Herman’s life began in a well-to-do family in Arlington, Virginia. His father, a successful lobbyist, and his mother, a devoted attorney, held strong beliefs about racial justice in America. Despite their privileged lifestyle, they were determined to ensure their son’s success. However, from an early age, Herman failed to demonstrate exceptional talents according to private educators.
Frustrated by these assessments, his mother insisted on exposing him to numerous cultural and artistic activities, hoping to uncover hidden abilities. Yet, Herman remained mediocre at best, leading to a childhood filled with constant pressure from his parents. As a result, he became inhibited and self-conscious, lacking the confidence to explore his own interests.
At the age of 18, Herman entered Brown University, where he encountered an intense focus on social justice ideologies, mirroring his parents’ beliefs. Upon arriving at his dormitory, he was immediately summoned to a mandatory meeting regarding his gender identity. In this environment, Herman began questioning his privileged status as a “cisgender, White man” and contemplated a gender transition.
His college experience further reinforced his parents’ ideology, as he was exposed to a professor who excluded all literature by White male authors. Instead, the class studied works by authors espousing revolutionary communism. Herman was taught that his race and gender inherently made him racist and sexist, regardless of his intentions.
As the semester progressed, Herman’s vow of silence began to have a significant impact on his life. He realized that without the ability to speak, he couldn’t participate fully in his English class discussions, which relied heavily on verbal communication. Feeling frustrated and isolated, he made the difficult decision to drop out of the class, sacrificing his academic aspirations.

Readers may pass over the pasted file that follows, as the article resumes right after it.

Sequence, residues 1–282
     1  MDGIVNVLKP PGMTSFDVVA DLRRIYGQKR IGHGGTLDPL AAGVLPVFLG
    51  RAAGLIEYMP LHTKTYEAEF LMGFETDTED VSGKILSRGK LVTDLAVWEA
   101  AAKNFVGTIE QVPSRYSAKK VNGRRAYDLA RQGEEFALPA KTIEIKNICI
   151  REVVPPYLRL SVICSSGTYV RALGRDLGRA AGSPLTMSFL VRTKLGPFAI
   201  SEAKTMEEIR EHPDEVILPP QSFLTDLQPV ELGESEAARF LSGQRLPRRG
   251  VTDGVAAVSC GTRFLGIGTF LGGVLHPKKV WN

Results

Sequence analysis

The multicultural environment of his college, which once embraced diversity and inclusivity, became increasingly challenging for Herman. He felt that the mere fact of his existence as a cisgender white man brought disgrace upon his gender-fluid and exotically colored peers. Unable to express his thoughts and engage in meaningful conversations, Herman’s sense of belonging eroded, and he found it difficult to connect with his fellow students.
One evening, after a particularly exhausting day on campus, Herman decided to take an Uber back home. But as the driver struck up a friendly conversation, Herman’s vow of silence prevented him from engaging in even the simplest exchange of words. The silence in the car felt suffocating, and Herman realized that his self-imposed silence was creating barriers not just in academic and social settings but in his everyday life as well.
Even family traditions were affected by Herman’s choice. Attending Democratic Party rallies had been a long-standing tradition in his family, where they would cheer and exclaim their left-wing slogans with passion. But now, Herman found himself standing in the crowd, unable to participate fully, unable to share his enthusiasm and support for the causes he once believed in.
Herman’s vow of silence had transformed his life into a muted existence. He had isolated himself from meaningful conversations, severed connections with his peers, and limited his ability to engage in everyday interactions. What started as a response to the pressures and ideologies he encountered had unintentionally become his destiny.